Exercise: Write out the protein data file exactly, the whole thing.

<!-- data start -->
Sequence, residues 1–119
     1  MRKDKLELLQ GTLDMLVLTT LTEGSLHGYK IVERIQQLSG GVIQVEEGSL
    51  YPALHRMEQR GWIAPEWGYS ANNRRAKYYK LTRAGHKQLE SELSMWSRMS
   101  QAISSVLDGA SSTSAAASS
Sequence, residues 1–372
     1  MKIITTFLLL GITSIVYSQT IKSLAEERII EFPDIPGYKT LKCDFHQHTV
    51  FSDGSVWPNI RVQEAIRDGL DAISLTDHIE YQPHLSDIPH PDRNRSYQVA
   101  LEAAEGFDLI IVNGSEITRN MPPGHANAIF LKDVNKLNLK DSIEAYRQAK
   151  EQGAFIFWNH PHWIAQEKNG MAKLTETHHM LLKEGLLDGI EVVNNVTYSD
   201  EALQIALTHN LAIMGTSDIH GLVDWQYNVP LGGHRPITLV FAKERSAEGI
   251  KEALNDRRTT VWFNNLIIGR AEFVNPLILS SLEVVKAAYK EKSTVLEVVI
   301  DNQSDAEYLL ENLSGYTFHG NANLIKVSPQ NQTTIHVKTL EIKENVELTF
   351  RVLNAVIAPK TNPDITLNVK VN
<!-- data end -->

Sequence, residues 1–119
     1  MRKDKLELLQ GTLDMLVLTT LTEGSLHGYK IVERIQQLSG GVIQVEEGSL
    51  YPALHRMEQR GWIAPEWGYS ANNRRAKYYK LTRAGHKQLE SELSMWSRMS
   101  QAISSVLDGA SSTSAAASS
Sequence, residues 1–372
     1  MKIITTFLLL GITSIVYSQT IKSLAEERII EFPDIPGYKT LKCDFHQHTV
    51  FSDGSVWPNI RVQEAIRDGL DAISLTDHIE YQPHLSDIPH PDRNRSYQVA
   101  LEAAEGFDLI IVNGSEITRN MPPGHANAIF LKDVNKLNLK DSIEAYRQAK
   151  EQGAFIFWNH PHWIAQEKNG MAKLTETHHM LLKEGLLDGI EVVNNVTYSD
   201  EALQIALTHN LAIMGTSDIH GLVDWQYNVP LGGHRPITLV FAKERSAEGI
   251  KEALNDRRTT VWFNNLIIGR AEFVNPLILS SLEVVKAAYK EKSTVLEVVI
   301  DNQSDAEYLL ENLSGYTFHG NANLIKVSPQ NQTTIHVKTL EIKENVELTF
   351  RVLNAVIAPK TNPDITLNVK VN